Not so fast, counters Ted Ruthizer, coauthor with Suzette Brooks Masters, of the Cato Institute paper. Ruthizer is a partner and head of the Immigration Law Group at Robinson Silverman Pearce Aronsohn & Berman LLP, a New York law firm. He and Brooks Masters write that "reports of systematic underpayment and fraud in the program are false."
As evidence, they lay out statistics from the U.S. Department of Labor's Wage and Hour Division showing that from 1991 (the first year H-1B caps were in place) through late 1999, the Labor Department granted almost 525,000 H-1B visas and received only 448 complaints of underpayment and other abuses. The department chose to investigate 304 of those complaints. At the time Ruthizer and Brooks Master wrote the Cato report, violations were found in 134 of the 159 completed investigations.
While that guilty percentage is high--so far, 84% of the investigations are yielding violations--even if all 304 complaints caught employers red-handed it would mean 99.99943% of the 525,000 H-1B visas were squeaky clean. Not bad.
H-1Bs in the Real World
|So You Want to Import an IT Worker |
You've found the perfect candidate, and now it's time to face the
bureaucracy: the U.S. Immigration and Naturalization Service.
The INS site has an H-1B section that includes
instructions, forms, and a list of frequently asked questions. As a
sponsoring employer, you'll need to file a labor condition
application. Next you'll file an I-129 petition with the INS and pay
$500. If and when your petition is approved, the worker can apply for
the actual visa.
The main tip from IT managers who've run this gauntlet is to start
early and persevere.
Asked if his organization uses H-1B visas to hire cheap help, John Oster just laughs. Oster is vice president of development at payroll giant ADP Inc.'s Rockville, Md.-based dealer services unit, which caters to auto dealerships. "We've got full-time legal counsel working on this," he says, of his firm's efforts to get H-1B workers into the United States. "Does that sound cheap? This is very much commercial-rate work, driven by recruiting needs. It's not cheap at all."
In Oster's group of about 20 developers, who work primarily in Oracle, C and C++, about half are H-1B employees from Russia, Ghana, India, and China. He knows the system and says, "It's been frustrating, having the politics of the government work against you." Oster has experienced the same problem a number of times.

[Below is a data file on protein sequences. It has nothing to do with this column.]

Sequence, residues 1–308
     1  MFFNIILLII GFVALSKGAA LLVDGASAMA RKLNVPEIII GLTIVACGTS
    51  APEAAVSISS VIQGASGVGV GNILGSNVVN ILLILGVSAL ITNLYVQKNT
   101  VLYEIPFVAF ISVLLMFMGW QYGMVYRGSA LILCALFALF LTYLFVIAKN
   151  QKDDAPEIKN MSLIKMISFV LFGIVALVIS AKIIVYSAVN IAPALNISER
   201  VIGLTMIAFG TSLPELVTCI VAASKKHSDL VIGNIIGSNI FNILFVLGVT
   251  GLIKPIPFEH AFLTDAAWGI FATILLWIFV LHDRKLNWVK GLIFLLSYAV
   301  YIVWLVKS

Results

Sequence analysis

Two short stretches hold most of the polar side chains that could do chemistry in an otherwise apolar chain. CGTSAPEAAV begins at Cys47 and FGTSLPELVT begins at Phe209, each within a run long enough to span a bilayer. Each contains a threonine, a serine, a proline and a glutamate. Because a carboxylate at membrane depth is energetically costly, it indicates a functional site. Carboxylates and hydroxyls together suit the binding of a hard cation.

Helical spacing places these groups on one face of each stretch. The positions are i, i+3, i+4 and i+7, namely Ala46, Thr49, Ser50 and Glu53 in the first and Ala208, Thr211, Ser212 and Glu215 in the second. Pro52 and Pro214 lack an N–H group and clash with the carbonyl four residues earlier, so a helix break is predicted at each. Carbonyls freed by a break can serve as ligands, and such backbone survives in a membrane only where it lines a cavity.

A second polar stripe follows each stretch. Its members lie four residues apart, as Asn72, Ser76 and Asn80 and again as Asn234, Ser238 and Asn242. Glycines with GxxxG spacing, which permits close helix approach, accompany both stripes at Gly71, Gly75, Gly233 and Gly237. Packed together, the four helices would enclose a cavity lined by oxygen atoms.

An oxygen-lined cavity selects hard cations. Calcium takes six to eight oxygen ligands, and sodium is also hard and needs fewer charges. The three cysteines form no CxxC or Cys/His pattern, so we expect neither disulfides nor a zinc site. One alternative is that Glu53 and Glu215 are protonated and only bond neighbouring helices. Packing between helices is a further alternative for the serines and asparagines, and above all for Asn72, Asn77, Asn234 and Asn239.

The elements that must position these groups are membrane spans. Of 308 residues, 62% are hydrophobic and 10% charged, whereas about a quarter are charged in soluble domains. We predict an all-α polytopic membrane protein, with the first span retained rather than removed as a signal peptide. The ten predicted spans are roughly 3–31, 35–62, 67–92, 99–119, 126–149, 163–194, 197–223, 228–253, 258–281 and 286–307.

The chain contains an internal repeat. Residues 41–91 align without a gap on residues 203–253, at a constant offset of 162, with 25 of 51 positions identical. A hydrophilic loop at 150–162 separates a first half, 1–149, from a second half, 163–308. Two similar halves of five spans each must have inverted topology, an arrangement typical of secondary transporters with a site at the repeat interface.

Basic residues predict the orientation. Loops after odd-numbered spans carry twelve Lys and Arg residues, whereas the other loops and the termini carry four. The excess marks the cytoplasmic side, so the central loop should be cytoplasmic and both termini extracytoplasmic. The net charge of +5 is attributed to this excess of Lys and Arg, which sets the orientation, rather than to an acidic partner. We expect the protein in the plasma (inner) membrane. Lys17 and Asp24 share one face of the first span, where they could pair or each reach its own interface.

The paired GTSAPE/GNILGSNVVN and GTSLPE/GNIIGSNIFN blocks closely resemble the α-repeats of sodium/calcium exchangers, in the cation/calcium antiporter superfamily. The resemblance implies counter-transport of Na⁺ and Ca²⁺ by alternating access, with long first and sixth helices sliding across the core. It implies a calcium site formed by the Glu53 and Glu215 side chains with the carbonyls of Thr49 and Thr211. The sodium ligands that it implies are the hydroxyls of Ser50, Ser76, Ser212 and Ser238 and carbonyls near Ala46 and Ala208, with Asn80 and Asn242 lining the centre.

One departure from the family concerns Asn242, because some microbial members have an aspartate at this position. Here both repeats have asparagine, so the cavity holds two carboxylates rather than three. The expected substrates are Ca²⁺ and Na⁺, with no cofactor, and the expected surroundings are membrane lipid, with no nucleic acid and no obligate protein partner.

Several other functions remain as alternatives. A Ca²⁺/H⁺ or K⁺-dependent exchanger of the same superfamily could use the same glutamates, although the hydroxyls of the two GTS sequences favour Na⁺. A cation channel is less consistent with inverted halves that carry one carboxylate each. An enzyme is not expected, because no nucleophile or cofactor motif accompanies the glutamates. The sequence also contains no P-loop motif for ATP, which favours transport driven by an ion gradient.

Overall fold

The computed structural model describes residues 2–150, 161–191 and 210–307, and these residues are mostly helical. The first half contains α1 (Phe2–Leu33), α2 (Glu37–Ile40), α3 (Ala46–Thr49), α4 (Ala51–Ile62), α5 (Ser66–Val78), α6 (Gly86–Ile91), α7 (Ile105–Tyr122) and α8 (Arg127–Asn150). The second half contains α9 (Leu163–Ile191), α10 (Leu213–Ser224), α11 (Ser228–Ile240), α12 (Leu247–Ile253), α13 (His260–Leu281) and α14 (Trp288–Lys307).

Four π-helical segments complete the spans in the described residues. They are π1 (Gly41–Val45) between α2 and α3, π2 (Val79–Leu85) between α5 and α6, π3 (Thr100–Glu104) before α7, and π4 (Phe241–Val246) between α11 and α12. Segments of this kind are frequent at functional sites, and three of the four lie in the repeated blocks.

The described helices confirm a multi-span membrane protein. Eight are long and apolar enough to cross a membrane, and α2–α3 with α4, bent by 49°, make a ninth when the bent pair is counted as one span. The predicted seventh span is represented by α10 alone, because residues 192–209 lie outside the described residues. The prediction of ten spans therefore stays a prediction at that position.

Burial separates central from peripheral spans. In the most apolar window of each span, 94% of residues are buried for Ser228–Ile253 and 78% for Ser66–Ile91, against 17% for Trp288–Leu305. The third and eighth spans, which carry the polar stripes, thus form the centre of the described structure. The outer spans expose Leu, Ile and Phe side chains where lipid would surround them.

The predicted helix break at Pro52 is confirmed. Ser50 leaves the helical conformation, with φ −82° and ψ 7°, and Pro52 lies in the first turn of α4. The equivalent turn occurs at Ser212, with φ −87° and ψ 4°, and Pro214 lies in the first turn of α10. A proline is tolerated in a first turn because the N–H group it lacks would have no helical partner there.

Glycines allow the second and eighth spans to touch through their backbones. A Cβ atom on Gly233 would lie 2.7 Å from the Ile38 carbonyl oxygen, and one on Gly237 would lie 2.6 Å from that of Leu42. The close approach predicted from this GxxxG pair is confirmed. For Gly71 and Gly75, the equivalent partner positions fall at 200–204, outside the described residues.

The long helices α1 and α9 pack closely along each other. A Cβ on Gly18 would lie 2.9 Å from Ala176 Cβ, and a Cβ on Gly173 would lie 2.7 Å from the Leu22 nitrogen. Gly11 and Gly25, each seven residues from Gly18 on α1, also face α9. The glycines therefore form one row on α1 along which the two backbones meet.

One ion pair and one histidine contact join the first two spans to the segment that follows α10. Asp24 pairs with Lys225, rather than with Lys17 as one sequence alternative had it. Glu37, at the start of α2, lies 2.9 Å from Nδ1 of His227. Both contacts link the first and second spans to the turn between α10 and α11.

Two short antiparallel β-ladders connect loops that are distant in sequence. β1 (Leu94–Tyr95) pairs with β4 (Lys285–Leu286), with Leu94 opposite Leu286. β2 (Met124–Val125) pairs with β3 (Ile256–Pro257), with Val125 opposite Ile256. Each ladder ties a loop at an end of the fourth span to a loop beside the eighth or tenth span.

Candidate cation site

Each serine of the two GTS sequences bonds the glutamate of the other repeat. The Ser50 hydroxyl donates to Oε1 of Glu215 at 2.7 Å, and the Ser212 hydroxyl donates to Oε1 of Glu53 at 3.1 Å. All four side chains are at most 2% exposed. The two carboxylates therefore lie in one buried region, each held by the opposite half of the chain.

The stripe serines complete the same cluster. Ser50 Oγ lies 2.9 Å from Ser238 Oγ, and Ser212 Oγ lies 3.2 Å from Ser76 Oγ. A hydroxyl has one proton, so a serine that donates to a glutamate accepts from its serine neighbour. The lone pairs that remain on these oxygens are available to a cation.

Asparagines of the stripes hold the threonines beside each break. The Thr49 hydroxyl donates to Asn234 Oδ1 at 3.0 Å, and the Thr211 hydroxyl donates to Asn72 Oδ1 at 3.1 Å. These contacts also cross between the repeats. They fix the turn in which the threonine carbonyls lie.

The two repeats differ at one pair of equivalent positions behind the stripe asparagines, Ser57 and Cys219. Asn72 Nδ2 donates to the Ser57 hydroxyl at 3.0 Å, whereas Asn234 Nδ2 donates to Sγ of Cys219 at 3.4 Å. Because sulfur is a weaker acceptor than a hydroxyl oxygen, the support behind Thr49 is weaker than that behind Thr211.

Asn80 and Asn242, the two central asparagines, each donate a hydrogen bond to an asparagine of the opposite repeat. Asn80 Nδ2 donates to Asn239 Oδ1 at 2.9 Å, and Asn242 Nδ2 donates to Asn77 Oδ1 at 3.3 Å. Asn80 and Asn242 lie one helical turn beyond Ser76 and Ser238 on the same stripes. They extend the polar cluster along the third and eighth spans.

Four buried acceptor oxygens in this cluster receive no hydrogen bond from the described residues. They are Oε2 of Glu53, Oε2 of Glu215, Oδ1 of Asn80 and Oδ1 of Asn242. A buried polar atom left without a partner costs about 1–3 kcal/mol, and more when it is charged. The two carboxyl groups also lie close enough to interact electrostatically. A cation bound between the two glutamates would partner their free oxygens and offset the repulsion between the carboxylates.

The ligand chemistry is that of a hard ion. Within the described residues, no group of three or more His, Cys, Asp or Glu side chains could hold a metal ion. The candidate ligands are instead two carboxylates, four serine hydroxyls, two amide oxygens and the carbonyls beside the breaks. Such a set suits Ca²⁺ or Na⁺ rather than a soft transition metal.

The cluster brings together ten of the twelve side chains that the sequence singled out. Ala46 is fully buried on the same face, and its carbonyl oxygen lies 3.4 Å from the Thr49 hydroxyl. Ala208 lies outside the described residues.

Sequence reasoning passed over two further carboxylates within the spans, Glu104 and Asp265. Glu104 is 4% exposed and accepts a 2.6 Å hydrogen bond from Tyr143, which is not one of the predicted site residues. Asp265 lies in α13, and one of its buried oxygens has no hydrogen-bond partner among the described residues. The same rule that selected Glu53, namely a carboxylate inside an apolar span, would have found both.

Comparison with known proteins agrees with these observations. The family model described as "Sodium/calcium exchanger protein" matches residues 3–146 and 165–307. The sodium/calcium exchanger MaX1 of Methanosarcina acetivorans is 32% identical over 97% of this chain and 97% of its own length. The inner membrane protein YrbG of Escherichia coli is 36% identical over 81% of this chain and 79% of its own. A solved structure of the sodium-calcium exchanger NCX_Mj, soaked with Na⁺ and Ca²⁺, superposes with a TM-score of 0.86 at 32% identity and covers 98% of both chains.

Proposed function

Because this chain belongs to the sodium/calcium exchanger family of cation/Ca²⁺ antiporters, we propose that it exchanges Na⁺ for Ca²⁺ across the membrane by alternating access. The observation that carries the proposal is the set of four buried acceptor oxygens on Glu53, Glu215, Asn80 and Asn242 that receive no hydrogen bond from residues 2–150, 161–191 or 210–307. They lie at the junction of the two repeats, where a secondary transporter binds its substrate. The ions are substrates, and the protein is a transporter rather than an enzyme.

Moreover, he says the visas' "effect on [foreign-born] associates is pretty damning. These folks spend a lot of time tracking [their visa status] because it's their lives. That hurts a cohesive organization." It's hard to keep a team focused when half its members are worried about getting booted out of the country. "I'd like to see the process much more predictable," Oster adds.
Asked if his U.S.-born developers see the visa holders as depriving natives of jobs, Oster says, "No, there's no resentment at all." In fact, he's observed that a "mixed" group complements each other's programming approach: "U.S. [engineers] are quick on their feet but less rigorous; the foreigners tend to be more rigorous." The Outlook
Experts expect Clinton to sign the bill, which spent months hung up in a congressional game of pat-a-cake, as various politicians attached unrelated and semirelated measures such as illegal-immigrant forgiveness measures.
For the first time, Washington, D.C.-based special-interest behemoth American Federation of Labor (AFL) has agreed that the numbers need to rise. The AFL is the most powerful organized labor group in the country, and one of its top goals has always been to keep as many jobs as possible in the hands of U.S. citizens. Its acquiescence on this measure is a sign that the momentum is strong. This leads even FAIR's Martin to concede that "Nobody [powerful] on either side is expressing real reservations. The opposition is all coming from grass-roots organizations."
In the end, the most powerful argument in favor of a higher H-1B cap may revolve around philosophy rather than hard numbers. With its roots in academia, the technology world wants to be a pure meritocracy. Your nationality, your gender, and the thickness of your dissertation don't count for much: Ideas rule. Can an arbitrary number dreamed up by a Washington pencil-pusher stand up against such a powerful ideal? // Steve Ulfelder, a freelance writer, lives in Southboro, Mass. His Internet address is firstname.lastname@example.org.